I think it would be great fun to watch everyone else doing it but it seemed a bit private.  My niece did one with my sister and insisted of adding a unicorn horn to her picture.  Such a cutie!  Some of the kids pictures were hilarious.  It is not as easy as it looks.  We had to redo our lines many times to get it looking ok.  I could have sat there for ages doing these pictures.  (There is a note to ask people to only do one portrait during busy times.)

Then we headed outside to get an ice cream.  Old English toffee.  And can you see the horse running behind the ice cream. 

It is really worth going out the back for some of the best parts of the exhibition.  We loved these birds.  My sister said they were her favourite sort of birds.  They pecked at the ground in their little electronic boxes but did not fly anywhere near her and were not bothered if we ate nearby!

We also loved the sheep in the garden with the skypscrapers behind them.  Kids loved climbing on them and this was a rare moment when it was not crowded.

Then we found the place I had read about and given up seeing.  Apparently Julian Opie did a version in his own style of the famous Mannekin Pis (translated at Little Pisser) in the Brussels fountain.  I had expected to see it out the front of the gallery in the fountains.  However it is hidden away in a corner of the back garden, perhaps so as not to shock those Melburnians with a delicate sensibility!!!

We found it very amusing.  It was a good end to a fun gallery visit.  If you are looking for some free fun over the summer / school holidays, I highly recommend Julian Opie at the NGV.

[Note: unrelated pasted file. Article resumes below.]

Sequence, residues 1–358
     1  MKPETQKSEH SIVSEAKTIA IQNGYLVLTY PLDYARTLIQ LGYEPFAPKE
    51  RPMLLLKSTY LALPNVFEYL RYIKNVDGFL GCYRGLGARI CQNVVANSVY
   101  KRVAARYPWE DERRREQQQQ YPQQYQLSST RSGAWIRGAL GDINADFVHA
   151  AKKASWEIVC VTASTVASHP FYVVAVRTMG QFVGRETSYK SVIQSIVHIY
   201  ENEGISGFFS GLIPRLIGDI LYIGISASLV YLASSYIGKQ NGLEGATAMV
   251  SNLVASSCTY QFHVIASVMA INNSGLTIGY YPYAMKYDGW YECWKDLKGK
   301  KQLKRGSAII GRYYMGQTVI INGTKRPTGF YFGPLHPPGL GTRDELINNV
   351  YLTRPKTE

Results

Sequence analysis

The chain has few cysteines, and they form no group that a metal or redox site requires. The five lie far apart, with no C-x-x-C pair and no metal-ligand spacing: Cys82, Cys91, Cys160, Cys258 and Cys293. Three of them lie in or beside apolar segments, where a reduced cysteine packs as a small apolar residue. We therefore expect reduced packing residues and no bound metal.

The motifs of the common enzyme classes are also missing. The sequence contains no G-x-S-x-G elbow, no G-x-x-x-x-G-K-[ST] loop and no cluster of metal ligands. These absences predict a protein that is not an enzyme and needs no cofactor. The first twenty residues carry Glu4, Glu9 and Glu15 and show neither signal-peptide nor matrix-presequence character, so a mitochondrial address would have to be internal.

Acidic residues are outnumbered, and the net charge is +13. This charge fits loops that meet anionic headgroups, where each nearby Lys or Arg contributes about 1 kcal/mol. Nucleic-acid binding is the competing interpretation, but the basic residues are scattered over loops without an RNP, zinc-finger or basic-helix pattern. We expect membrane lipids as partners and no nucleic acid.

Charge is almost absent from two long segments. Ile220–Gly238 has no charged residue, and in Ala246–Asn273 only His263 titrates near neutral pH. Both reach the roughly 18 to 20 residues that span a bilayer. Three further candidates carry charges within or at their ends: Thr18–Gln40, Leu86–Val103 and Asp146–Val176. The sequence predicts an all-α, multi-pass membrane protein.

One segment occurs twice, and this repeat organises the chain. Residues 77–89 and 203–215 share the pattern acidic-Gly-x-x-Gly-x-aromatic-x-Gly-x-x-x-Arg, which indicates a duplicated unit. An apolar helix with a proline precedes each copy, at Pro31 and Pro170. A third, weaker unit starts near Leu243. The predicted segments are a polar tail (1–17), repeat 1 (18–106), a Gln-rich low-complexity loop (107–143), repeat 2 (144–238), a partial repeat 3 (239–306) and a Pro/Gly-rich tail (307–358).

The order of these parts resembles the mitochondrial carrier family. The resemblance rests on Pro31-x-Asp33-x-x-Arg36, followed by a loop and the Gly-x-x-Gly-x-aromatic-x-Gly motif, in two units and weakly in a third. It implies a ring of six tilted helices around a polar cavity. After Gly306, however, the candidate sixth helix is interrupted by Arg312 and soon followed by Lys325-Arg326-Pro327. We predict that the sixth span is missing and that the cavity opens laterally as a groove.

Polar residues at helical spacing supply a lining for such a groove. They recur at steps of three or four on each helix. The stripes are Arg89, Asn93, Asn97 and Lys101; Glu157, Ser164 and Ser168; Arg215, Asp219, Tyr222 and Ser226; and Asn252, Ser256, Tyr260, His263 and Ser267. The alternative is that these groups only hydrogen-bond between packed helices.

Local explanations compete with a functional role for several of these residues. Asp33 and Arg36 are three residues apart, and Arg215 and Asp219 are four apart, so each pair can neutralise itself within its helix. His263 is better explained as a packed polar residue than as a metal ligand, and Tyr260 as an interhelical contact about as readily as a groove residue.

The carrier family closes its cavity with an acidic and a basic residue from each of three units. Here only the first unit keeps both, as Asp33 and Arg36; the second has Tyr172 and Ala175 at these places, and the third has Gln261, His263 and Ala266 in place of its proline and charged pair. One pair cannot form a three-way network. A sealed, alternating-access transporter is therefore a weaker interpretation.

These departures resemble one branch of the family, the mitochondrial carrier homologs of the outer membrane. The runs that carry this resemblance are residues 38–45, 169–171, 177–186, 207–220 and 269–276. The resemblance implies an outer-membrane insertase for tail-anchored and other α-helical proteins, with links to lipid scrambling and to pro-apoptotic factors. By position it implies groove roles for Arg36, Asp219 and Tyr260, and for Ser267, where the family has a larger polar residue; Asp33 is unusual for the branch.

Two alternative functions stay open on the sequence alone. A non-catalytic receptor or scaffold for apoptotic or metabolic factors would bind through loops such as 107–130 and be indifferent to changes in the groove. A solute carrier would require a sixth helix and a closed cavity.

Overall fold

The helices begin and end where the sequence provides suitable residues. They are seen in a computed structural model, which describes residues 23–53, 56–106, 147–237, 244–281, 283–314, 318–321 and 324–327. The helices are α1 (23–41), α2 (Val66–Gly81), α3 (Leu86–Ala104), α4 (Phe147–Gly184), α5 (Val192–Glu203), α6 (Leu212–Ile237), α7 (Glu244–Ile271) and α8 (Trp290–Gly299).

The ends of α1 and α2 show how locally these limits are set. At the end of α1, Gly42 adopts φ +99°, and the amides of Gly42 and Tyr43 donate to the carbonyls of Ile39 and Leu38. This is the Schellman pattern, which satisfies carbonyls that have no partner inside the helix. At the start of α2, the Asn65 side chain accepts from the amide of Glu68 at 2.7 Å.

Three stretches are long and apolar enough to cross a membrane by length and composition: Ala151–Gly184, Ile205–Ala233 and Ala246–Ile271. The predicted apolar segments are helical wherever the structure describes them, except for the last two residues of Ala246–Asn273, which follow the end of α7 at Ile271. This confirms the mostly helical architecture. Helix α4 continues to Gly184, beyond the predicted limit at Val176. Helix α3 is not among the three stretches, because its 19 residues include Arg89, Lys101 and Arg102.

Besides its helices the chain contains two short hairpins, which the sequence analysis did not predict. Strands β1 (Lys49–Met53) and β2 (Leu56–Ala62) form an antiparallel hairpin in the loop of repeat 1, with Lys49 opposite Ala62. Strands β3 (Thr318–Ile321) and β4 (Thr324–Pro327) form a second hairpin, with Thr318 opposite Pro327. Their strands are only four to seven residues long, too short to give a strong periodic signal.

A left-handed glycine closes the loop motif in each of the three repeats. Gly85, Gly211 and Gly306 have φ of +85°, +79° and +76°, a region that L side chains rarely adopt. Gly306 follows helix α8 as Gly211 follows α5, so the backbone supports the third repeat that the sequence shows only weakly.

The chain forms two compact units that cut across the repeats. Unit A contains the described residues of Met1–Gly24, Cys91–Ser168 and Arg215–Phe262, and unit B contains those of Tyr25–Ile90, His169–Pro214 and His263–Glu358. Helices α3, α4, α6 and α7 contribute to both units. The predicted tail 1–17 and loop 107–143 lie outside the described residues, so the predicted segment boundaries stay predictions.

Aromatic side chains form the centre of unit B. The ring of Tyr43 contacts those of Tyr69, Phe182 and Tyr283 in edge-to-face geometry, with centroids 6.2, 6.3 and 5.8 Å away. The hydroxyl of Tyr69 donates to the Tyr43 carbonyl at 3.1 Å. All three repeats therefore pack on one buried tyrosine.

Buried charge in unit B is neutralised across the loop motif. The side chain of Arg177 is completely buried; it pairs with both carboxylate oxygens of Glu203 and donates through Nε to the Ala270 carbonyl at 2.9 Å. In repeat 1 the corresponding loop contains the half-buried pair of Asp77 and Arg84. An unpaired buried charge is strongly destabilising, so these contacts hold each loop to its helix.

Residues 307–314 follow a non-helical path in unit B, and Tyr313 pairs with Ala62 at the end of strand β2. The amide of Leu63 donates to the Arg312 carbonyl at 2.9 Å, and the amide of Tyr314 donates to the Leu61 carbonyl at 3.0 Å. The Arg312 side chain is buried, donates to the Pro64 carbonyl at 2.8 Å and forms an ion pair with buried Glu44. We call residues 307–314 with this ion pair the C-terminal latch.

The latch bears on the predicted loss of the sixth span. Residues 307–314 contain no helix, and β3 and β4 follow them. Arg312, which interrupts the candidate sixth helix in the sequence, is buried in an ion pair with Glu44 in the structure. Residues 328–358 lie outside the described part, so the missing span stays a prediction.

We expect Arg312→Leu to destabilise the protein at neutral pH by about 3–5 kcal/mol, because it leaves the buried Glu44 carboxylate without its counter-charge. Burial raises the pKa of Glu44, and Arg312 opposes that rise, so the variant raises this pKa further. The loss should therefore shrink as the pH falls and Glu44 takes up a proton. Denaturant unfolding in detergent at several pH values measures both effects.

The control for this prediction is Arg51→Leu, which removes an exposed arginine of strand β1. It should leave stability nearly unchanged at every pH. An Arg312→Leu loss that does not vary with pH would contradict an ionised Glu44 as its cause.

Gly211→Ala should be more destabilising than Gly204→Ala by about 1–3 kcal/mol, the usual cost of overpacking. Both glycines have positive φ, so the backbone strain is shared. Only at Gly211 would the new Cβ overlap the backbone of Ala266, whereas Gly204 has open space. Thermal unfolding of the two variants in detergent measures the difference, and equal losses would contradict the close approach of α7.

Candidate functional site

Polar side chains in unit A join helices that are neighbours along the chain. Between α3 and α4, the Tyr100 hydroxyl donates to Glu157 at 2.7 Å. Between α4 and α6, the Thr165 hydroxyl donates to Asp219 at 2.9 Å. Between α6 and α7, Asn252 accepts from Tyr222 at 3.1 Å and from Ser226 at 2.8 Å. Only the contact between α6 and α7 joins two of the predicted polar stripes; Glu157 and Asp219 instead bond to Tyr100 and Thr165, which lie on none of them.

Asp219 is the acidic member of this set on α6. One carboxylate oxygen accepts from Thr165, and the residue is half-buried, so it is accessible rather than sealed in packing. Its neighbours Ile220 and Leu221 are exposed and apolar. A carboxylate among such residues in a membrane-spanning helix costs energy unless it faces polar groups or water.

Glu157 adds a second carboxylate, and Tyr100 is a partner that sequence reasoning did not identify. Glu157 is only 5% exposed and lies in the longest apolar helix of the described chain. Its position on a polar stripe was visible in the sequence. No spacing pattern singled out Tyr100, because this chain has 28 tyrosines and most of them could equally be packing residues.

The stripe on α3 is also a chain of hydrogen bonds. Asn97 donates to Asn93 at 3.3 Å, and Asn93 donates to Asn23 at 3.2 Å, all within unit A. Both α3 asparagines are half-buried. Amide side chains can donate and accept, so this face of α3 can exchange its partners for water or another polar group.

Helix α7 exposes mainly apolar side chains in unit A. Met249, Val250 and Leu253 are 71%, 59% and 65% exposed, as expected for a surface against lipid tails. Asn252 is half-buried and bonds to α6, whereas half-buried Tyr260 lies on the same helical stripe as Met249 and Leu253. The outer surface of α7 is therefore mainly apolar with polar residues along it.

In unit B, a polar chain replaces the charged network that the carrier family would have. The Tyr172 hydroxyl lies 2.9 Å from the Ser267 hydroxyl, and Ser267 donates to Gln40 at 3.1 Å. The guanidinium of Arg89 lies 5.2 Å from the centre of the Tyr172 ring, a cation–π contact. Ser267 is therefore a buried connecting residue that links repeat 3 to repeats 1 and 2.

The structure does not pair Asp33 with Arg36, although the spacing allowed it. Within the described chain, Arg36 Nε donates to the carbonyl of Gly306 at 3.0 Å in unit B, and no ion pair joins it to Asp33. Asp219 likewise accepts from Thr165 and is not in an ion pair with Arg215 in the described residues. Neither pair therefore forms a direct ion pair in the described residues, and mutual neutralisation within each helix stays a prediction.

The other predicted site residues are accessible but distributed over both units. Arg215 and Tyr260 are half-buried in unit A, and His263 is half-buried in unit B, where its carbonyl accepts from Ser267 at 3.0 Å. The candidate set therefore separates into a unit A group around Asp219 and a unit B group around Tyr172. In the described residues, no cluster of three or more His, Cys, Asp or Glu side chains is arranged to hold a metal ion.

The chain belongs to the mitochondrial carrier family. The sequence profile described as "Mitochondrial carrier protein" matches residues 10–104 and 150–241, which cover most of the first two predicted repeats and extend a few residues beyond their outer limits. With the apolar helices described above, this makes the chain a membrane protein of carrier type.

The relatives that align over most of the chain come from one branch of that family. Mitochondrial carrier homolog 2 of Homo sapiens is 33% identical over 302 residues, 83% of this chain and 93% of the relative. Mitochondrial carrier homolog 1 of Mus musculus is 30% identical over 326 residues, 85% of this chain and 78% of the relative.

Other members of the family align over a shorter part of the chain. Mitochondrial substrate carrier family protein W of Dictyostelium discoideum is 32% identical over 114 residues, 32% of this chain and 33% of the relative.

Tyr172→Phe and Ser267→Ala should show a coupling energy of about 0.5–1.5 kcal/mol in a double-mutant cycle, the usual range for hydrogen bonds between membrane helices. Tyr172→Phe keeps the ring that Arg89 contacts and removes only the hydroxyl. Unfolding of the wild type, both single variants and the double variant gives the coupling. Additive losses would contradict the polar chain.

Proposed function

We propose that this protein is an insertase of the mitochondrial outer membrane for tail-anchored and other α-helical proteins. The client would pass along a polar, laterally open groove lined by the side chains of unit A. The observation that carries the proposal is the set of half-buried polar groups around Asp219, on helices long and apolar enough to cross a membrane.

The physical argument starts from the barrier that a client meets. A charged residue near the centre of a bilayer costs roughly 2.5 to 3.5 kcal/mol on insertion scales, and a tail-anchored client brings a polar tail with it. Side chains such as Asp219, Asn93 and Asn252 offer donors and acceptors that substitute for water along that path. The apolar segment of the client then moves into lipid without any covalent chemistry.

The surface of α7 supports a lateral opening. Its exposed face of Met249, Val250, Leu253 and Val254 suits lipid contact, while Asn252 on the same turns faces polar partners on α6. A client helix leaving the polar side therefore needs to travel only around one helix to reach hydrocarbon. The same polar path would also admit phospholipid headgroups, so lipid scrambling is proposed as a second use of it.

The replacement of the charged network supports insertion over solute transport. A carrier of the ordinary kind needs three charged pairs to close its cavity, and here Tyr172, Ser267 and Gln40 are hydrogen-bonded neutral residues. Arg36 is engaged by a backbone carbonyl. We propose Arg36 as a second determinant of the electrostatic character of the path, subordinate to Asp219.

Julian Opie at the NGV
NGV, St Kilda Road
Free entry
9 Nov 2018 – 17 Feb 2019
Open 10am–5pm daily


  1. I love exhibitions with a sense of fun and this looks like it has bag of it. The mannekin pis made me laugh and the drawing software looks like such a good way to spend some time in the exhibition. Could you print them out afterwards? I'd be upset if I couldn't take the pic home!

    1. Thanks Joey - you could email the pictures to your address - but I thought it was interesting to share the photo to show the software.

  2. I ashamed to say that I have not been to a museum or art gallery for years, I used to go lots when I lived in Scotland. I do love public art and enjoyed your photographs. Its a shame the photo drawing software did not even depict a likeness of either of you or Sylvia, still a bit of fun I guess.

    1. Thanks Shaheen - I am surprised to hear you don't go to museums or art galleries. I know how quickly the time can go between visits. When we went to the museum at christmas I couldn't remember how many years since my last visit. You seem to do lots of interesting stuff anyway. And the photo software is meant to be an impression rather than a likeness - I really liked it. It did have the shapes right!

  3. Wow, I like the look of that exhibition. Now I know what the waterwall figures are about. Love the horse in particular.

    1. Thanks Cakelaw - love that Julian opie was able to have fun with the waterwall!